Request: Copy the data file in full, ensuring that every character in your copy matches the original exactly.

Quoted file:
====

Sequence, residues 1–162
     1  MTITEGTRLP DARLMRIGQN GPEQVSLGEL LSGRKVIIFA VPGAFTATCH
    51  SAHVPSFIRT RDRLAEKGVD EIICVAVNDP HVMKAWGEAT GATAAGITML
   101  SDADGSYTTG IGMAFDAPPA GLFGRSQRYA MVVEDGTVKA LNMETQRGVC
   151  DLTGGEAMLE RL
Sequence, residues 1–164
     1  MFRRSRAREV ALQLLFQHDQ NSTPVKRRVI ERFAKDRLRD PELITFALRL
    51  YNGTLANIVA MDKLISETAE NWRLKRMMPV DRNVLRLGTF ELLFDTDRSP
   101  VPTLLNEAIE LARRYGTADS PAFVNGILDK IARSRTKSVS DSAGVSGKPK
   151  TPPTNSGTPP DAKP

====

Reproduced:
Sequence, residues 1–162
     1  MTITEGTRLP DARLMRIGQN GPEQVSLGEL LSGRKVIIFA VPGAFTATCH
    51  SAHVPSFIRT RDRLAEKGVD EIICVAVNDP HVMKAWGEAT GATAAGITML
   101  SDADGSYTTG IGMAFDAPPA GLFGRSQRYA MVVEDGTVKA LNMETQRGVC
   151  DLTGGEAMLE RL
Sequence, residues 1–164
     1  MFRRSRAREV ALQLLFQHDQ NSTPVKRRVI ERFAKDRLRD PELITFALRL
    51  YNGTLANIVA MDKLISETAE NWRLKRMMPV DRNVLRLGTF ELLFDTDRSP
   101  VPTLLNEAIE LARRYGTADS PAFVNGILDK IARSRTKSVS DSAGVSGKPK
   151  TPPTNSGTPP DAKP